• Whispering in the Town Square: Can Twitter provide an escape from all its noise? “If the purpose of social networks is finding the people you actually want to talk to, then Twitter needs to not only facilitate the finding, but the talking. Once you have made friends, or by Twitter parlance found people you enjoying following, you want to deepen those connections, not necessarily continue creating new ones. That’s what DMs do that public tweets do not. If a platform doesn’t allow for intimacy once relationships are formed, then its users will inevitably leave it.”

Digital marketing

Resources

Just for fun

Move fast and break things…sometimes

URLs of wisdom (26th July)

URLs of wisdom is a weekly round-up of interesting links about topics at the intersection of people, science and technology. This is a bumper edition as I’ve been busy organising the Open Knowledge Festival that took place last week!

Social Network Analysis

Behaviour

Thinking about algorithms and user behaviour:

  • Forget the wisdom of crowds: neurobiologists reveal the wisdom of the confident  “In recent years, researchers have spent a significant amount of time and effort teasing apart the factors that make crowds stupid. One important factor turns out to be the way members of a crowd influence each other. It turns out that if a crowd offers a wide range of independent estimates, then it is more likely to be wise. But if members of the crowd are influenced in the same way, for example by each other or by some external factor, then they tend to converge on a biased estimate. In this case, the crowd is likely to be stupid.”
  • The dawn of personalised products “Personalizing software is all about figuring out how to help people develop a sense of identity using the service, and then building features that let them accomplish that naturally.”

Other news

  • Why the grass is always greener on social media “Relationships that exist solely online can skew the perception of community fitness because they’re tailored specifically to us, but it’s hard to look away from something that seems so right.”
  • The politics of science in social media “Current science policy campaigns must fight against increasing ‘petition fatigue’: when social media makes campaigning easier, any single campaign risks getting lost in the noise, and science policy becomes yet another competitor for our attention. In the new attention and expertise economy, scientists must forge ever closer links with celebrity and journalism to get their message across.”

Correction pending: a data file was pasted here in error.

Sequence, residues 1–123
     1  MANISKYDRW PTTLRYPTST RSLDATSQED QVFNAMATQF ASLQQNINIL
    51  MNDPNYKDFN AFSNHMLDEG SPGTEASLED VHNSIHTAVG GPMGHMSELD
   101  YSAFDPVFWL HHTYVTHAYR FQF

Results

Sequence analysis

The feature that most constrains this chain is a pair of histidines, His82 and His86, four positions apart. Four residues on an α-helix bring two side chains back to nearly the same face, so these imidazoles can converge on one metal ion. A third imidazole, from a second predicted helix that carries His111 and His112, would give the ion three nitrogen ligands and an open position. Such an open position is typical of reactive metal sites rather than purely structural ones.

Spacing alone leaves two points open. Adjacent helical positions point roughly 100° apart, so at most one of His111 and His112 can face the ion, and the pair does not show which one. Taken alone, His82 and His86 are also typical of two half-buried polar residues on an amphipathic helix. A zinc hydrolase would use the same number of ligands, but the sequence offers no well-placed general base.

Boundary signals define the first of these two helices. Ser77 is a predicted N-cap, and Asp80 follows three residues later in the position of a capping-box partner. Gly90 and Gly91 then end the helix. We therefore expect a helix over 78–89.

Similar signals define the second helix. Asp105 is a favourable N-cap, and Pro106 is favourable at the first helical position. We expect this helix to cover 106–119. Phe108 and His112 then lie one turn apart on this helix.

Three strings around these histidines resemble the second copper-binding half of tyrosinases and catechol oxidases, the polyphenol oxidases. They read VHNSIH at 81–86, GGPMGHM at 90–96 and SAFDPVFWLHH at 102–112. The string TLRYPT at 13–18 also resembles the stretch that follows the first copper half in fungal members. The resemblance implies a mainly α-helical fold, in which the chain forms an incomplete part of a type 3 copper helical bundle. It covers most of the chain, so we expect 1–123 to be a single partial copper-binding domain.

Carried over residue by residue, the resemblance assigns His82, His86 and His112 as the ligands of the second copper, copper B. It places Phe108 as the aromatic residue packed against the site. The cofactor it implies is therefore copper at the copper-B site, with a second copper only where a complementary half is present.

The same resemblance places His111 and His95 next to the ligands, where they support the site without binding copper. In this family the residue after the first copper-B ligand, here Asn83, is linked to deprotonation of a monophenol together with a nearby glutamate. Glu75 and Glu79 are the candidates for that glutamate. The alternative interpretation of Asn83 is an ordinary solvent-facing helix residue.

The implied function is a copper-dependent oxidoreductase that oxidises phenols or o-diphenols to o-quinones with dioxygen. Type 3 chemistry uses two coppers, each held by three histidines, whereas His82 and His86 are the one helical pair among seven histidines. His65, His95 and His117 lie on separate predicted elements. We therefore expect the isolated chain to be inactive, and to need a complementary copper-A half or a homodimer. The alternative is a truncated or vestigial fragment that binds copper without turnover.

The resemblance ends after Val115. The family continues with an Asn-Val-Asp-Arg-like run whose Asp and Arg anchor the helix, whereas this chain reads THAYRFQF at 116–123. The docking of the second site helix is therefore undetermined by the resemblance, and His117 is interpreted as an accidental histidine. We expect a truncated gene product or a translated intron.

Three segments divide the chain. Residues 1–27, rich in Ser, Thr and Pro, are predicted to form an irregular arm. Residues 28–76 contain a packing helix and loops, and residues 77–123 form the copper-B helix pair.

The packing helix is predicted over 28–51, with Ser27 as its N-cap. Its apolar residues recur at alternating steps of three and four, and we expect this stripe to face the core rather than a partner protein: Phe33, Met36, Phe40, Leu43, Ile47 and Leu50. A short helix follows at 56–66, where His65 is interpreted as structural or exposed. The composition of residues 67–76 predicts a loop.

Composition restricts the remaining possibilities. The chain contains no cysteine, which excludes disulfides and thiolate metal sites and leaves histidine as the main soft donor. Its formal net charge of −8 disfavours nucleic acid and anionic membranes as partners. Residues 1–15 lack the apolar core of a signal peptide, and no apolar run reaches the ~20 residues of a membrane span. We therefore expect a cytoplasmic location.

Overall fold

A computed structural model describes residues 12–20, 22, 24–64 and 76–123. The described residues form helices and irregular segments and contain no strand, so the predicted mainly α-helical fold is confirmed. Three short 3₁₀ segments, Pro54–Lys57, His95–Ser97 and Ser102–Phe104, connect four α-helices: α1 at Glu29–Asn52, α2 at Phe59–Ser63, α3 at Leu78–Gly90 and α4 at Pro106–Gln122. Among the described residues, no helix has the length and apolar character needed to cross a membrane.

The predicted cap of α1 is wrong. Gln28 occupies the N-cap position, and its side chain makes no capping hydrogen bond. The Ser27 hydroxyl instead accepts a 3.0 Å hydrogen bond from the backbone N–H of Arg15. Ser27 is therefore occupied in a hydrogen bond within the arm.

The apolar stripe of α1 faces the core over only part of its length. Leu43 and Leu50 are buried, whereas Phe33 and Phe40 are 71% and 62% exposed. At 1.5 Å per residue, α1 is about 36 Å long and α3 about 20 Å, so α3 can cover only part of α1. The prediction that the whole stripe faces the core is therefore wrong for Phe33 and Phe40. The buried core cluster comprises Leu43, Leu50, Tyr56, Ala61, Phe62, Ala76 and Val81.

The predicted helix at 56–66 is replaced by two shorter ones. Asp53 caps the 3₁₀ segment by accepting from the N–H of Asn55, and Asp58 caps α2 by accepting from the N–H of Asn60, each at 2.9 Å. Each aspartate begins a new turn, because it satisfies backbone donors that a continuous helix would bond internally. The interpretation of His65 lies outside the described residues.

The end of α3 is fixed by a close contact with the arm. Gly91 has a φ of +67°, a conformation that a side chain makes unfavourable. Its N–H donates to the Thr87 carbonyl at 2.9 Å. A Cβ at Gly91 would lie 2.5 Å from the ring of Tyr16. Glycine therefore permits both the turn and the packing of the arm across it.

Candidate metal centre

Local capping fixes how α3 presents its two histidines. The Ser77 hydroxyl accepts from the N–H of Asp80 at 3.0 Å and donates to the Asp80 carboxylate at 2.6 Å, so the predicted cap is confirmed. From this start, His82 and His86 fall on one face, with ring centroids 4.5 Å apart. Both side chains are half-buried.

Privacy/Ethics

Web/Social media developments

Digital Marketing

Communities

Just for fun

Feeling really old…?

URLs of wisdom (15th June)

URLs of wisdom is a weekly round-up of interesting links about topics at the intersection of people, science and technology.

Network Analysis

  • (Fake) friends with (real) benefits – what happens when you buy a few thousand extra twitter followers?
  • Understanding types of Twitter users “This research work identifies six broad classes of Twitter users, and employs a supervised machine learning approach which uses a comprehensive set of features to classify users into the identified classes.”
  • Toward a local perspective on online collaboration “a member’s centrality and spanning within his/her local neighborhood is a better predictor of contribution than global centrality and spanning within the whole community.”
  • Gossip: identifying central individuals in a social network “…This suggests that individuals can rank others according to their centrality in the networks even without knowing the network, and that eliciting network centrality of others simply by asking individuals may be an inexpensive research and policy tool.”

Behaviour

  • Why are we sleeping with our phones? Interesting exploration of the notion of home – and the tradeoffs we make in terms of privacy and convenience when we make that home portable:”…convenience comes with a price: connectivity. Staying in touch with your loved ones means that you have to allow them to also stay in touch with you, whether you’re on the sidewalk or in your living room. But we have a sense that this is problematic; our loved ones complain if we don’t respond to a text quickly, so we keep our phones nearby even as loved ones with whom we may share a home complain we spend too much time on our phones. This threatens the idea of Home because now everyone claims to belong there whether or not you expressly invited them.”